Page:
The bureaucratic and administrative components of the process can sometimes appear to be archaic and somewhat anachronistic; but like the switchboard operator of yesteryear, the necessity of the service is never in doubt; it is merely the apparatus of change which remains relevant, and properly, and effectively preparing, formulating and filing for Federal Disability Retirement benefits is a mandate of action compelled by the wakeup call entitled “Life and the inevitability of change“.

Sincerely,

Robert R. McGill, Esquire

 

OPM Disability Retirement Attorney: The Aftermath

We like to think in linear prose; that is why, when E. E. Cummings showered the literary world with typographical disarray, a collective groan of discomfort visibly shook the foundations of the art form.

In daily life, it is the capacity of seeing a beginning, continuum and conclusion to a segment of a bifurcated visual horizon, which makes for sanity.  Closure and a sense of termination allows for satisfaction of an accomplished deed.  To be required to maintain a project, a task, an obligation, etc., is to engage in an eternal hell of unendurable agony; but that is, in the end, what must be done for most things, which is precisely why life is a challenge of inestimable proportions.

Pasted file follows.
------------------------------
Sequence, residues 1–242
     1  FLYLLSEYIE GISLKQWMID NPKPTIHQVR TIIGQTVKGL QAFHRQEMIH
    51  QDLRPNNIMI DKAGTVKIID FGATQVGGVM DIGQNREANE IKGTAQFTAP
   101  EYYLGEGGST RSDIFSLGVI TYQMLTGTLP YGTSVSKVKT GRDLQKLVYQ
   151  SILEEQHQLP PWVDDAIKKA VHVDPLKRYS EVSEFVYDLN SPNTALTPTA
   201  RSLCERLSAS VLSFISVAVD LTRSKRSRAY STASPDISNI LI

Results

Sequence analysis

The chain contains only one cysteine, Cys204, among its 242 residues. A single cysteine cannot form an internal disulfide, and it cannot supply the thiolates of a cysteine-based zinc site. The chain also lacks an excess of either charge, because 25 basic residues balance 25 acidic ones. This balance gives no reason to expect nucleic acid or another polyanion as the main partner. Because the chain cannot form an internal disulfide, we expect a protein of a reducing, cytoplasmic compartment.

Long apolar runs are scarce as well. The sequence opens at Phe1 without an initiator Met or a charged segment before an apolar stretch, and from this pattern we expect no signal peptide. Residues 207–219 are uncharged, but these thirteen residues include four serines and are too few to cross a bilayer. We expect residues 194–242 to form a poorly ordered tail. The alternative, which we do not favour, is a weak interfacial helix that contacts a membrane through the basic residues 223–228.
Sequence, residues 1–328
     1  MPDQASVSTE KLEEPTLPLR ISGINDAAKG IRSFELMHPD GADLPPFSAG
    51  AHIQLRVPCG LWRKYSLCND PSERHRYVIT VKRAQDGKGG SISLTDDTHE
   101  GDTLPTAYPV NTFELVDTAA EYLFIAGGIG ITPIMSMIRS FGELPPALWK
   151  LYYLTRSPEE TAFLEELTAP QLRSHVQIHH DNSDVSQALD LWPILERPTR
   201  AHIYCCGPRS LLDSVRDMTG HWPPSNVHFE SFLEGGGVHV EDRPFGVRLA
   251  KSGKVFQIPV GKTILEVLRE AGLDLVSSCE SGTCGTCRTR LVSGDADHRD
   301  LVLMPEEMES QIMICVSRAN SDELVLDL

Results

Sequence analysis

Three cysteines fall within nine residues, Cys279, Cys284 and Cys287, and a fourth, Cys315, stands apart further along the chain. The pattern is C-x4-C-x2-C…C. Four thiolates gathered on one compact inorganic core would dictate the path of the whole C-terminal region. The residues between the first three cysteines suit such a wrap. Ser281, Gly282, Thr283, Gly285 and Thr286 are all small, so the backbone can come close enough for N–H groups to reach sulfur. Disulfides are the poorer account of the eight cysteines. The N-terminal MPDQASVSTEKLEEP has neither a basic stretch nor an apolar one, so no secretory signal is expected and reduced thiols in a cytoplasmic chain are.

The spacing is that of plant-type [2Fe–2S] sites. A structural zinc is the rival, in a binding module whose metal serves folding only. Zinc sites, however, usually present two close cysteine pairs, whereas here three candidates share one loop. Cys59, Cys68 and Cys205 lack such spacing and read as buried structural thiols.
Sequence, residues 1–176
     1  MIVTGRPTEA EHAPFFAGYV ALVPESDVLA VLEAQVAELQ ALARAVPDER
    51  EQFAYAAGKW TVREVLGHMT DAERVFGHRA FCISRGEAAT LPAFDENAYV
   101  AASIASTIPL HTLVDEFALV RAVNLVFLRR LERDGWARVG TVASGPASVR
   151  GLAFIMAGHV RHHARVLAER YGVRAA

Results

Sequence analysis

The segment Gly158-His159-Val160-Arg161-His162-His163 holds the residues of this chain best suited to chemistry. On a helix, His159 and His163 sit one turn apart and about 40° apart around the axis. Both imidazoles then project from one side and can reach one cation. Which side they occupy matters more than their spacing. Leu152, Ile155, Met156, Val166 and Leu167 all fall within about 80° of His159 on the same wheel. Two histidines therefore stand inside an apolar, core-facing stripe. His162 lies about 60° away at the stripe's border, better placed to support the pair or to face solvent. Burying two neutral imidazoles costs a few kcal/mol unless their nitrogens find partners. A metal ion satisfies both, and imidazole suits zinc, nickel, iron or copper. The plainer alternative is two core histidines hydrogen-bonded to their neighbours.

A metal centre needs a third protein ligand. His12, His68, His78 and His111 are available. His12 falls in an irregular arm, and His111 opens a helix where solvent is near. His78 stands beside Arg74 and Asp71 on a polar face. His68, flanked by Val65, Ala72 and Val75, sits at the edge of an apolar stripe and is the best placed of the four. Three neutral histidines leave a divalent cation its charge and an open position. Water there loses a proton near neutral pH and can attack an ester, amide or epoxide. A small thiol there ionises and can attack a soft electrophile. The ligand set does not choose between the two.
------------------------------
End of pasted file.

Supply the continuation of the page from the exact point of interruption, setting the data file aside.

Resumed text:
Federal Disability Retirement is no different; once obtained, one would like to think that closure has been accomplished, and that life is nothing more than forward-looking deeds to be reached like ski slopes allowing only for downward spirals of travel, never needing to look back.  But maintenance of effort is always a requirement; making sure that one is preserving the rights which one has fought so hard to gain, is a daily task, a present obligation, and a necessity of life in Federal Disability Retirement law, as in other sectors of life.